That adversarial tone was woven throughout the hearing, as when multiple committee members pressed Peter Kadzik, DOJ’s assistant attorney general of legislative affairs, for reports on the department’s policies on geolocation and other surveillance technologies.

At one point, Rep. Tim Walberg, R-Mich., grew indignant after Kadzik pointed out both Walberg and the Justice Department have the American people’s interest at heart when it comes to crafting policy.

“You do not represent the American people,” Walberg told Kadzik. “We do.”

A few committee members tried to push through the tension to common ground, saying that both the committee and federal agencies were to blame, and noting politics often leads to antagonistic behavior. Rep. Stephen Lynch, D-Mass., called the committee on the carpet for picking its confrontations when it’s politically expedient.


“Sometimes on this side of the dais, we [in Congress] are responsible for that adversarial relationship,” he said.

Lynch called into question why the committee has hammered former Secretary of State Hillary Clinton over her use of a private email server, when another former secretary, Colin Powell, admitted to doing the same after he expressed frustration with his government-owned email address.

“We have this situation where Clinton has been pummeled with hearings, but you have Powell who testified before the U.N. Security Council that there were weapons of mass destruction in Iraq, and we give him a complete pass,” Lynch said. “That makes us look tremendously biased.”

Rep. Gerry Connolly, D-Va., found middle ground, saying the way in which the government is set up lends itself to the adversarial nature between the two government branches.

“The Constitution builds a dialectic in which we want information and the executive branch does not want to give it,” he said. “It does rely at the end of the day, on common sense, on good faith, on determination as well as statutory enablers.”


However, Connolly said it’s on everyone to move past this political acrimony if the U.S. government is function properly.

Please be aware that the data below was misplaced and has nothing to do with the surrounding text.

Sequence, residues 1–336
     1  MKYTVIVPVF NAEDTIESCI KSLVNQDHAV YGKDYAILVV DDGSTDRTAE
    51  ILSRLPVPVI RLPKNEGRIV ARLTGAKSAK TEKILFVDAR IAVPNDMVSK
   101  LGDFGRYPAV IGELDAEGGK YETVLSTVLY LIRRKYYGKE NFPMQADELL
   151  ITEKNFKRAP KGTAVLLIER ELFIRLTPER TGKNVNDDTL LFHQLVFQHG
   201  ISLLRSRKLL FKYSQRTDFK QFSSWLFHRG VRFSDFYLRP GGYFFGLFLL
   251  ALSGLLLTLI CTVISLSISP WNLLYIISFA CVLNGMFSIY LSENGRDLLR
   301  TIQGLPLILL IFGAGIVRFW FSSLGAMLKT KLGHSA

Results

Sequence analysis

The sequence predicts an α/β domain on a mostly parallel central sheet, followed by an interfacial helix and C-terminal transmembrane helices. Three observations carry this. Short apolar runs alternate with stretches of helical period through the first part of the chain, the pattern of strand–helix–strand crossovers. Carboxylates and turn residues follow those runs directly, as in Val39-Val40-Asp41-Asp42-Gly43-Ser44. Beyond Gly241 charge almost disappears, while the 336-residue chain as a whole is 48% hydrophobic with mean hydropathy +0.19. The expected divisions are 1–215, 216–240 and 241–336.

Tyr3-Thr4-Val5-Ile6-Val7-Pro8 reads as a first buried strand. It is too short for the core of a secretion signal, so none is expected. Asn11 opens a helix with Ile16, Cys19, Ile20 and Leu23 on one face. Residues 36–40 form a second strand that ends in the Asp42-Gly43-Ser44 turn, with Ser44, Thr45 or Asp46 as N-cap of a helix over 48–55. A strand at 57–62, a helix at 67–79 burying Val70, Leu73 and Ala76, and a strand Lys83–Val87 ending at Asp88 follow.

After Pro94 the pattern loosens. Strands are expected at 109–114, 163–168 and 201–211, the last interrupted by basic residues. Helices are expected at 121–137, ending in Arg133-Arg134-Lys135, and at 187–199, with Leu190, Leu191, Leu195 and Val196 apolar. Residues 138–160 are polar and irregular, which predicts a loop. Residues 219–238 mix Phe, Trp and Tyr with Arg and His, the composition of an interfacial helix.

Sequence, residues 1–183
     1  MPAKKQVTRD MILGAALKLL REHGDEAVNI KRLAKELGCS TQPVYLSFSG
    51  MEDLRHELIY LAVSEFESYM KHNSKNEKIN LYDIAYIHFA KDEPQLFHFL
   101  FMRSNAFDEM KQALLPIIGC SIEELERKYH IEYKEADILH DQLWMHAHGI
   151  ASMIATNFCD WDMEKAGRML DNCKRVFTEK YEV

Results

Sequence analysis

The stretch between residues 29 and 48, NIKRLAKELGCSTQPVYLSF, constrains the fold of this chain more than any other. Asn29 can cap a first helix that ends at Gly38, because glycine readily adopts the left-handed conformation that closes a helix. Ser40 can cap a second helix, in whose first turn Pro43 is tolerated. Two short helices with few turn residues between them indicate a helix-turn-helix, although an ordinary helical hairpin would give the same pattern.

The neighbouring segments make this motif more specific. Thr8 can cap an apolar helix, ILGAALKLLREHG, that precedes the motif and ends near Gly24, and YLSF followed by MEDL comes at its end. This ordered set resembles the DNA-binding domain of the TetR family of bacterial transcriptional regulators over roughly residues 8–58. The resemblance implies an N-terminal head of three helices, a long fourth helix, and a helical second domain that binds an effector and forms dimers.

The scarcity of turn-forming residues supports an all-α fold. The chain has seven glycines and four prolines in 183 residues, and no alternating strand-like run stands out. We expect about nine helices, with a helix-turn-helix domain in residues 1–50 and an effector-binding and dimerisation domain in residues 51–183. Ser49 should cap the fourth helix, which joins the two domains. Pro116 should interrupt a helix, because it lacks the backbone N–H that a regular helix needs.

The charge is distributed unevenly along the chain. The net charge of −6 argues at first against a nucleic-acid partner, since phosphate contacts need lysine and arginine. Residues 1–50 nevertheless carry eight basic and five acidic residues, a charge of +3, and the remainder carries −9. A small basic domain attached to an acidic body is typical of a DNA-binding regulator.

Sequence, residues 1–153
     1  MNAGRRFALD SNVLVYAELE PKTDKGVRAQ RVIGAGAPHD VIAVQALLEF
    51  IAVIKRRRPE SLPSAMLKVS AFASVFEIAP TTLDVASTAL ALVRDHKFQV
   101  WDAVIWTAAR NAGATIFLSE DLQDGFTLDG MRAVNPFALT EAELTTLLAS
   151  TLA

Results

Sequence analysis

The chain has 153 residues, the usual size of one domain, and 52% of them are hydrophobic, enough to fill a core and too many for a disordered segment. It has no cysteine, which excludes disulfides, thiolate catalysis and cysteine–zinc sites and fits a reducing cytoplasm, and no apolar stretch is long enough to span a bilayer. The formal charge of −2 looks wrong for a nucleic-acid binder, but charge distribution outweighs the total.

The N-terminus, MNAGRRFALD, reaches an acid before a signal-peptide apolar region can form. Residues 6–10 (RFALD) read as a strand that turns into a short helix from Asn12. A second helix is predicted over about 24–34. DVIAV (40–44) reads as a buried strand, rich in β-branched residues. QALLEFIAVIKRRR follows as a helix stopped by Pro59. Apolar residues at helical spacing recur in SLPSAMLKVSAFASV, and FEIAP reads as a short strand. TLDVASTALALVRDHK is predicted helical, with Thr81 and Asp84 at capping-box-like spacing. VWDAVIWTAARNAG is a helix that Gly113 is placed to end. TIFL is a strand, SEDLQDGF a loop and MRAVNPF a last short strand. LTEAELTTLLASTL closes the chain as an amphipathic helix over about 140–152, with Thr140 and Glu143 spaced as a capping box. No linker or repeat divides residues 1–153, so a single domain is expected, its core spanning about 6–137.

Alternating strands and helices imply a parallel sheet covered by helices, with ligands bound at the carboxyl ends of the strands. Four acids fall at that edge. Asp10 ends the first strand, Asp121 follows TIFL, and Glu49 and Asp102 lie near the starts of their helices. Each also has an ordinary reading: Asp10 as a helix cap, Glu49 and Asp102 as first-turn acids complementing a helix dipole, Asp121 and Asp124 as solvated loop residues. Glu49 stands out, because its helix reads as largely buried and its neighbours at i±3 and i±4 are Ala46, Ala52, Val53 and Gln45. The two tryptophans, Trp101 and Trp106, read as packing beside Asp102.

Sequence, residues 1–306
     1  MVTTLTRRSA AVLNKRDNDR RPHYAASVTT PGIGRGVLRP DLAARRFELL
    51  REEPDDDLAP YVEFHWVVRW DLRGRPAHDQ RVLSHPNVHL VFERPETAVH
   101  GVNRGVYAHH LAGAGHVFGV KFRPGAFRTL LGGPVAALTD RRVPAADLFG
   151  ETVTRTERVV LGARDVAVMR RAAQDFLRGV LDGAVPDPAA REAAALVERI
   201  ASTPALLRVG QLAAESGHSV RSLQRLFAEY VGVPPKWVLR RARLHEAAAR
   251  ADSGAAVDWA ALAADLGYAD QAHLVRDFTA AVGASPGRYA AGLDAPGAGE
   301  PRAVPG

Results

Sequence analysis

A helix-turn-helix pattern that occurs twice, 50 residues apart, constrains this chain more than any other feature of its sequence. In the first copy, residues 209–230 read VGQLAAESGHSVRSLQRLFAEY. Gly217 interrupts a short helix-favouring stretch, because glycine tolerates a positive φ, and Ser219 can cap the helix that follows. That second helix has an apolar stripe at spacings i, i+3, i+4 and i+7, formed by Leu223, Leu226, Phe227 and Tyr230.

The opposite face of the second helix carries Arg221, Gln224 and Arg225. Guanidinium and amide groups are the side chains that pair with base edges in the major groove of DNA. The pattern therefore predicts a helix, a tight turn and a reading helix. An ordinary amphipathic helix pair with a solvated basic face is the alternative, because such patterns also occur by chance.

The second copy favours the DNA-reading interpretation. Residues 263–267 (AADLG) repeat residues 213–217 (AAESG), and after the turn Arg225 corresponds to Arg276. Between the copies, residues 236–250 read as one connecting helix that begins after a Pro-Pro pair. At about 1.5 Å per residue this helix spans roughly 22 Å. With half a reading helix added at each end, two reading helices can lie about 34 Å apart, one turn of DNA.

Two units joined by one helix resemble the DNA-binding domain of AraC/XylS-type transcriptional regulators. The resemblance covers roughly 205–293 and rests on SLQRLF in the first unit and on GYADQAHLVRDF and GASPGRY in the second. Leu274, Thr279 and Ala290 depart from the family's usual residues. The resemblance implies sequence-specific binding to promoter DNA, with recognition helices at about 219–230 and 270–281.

“Blatantly partisan efforts to seek information to embarrass, humiliate and undermine will not get bipartisan support and can understandably cause even more friction in the executive branch in trying to be responsive,” he said.

Watch the full hearing on YouTube.

Update, 1/7/16, 5:47 p.m: An earlier version of this story stated that Jason Levine said the redactions in the documents provided by OPM were to guard against “personally identifiable information.” He actually said the redactions were to “protect people’s privacy.” The passage has been edited.

Contact the reporter on this story via email at, or follow him on Twitter at @gregotto. His OTR and PGP info can be found here.Subscribe to the Daily Scoop for stories like this in your inbox every morning by signing up

Greg Otto

Written by Greg Otto

Greg Otto is Editor-in-Chief of CyberScoop, overseeing all editorial content for the website. Greg has led cybersecurity coverage that has won various awards, including accolades from the Society of Professional Journalists and the American Society of Business Publication Editors. Prior to joining Scoop News Group, Greg worked for the Washington Business Journal, U.S. News & World Report and WTOP Radio. He has a degree in broadcast journalism from Temple University.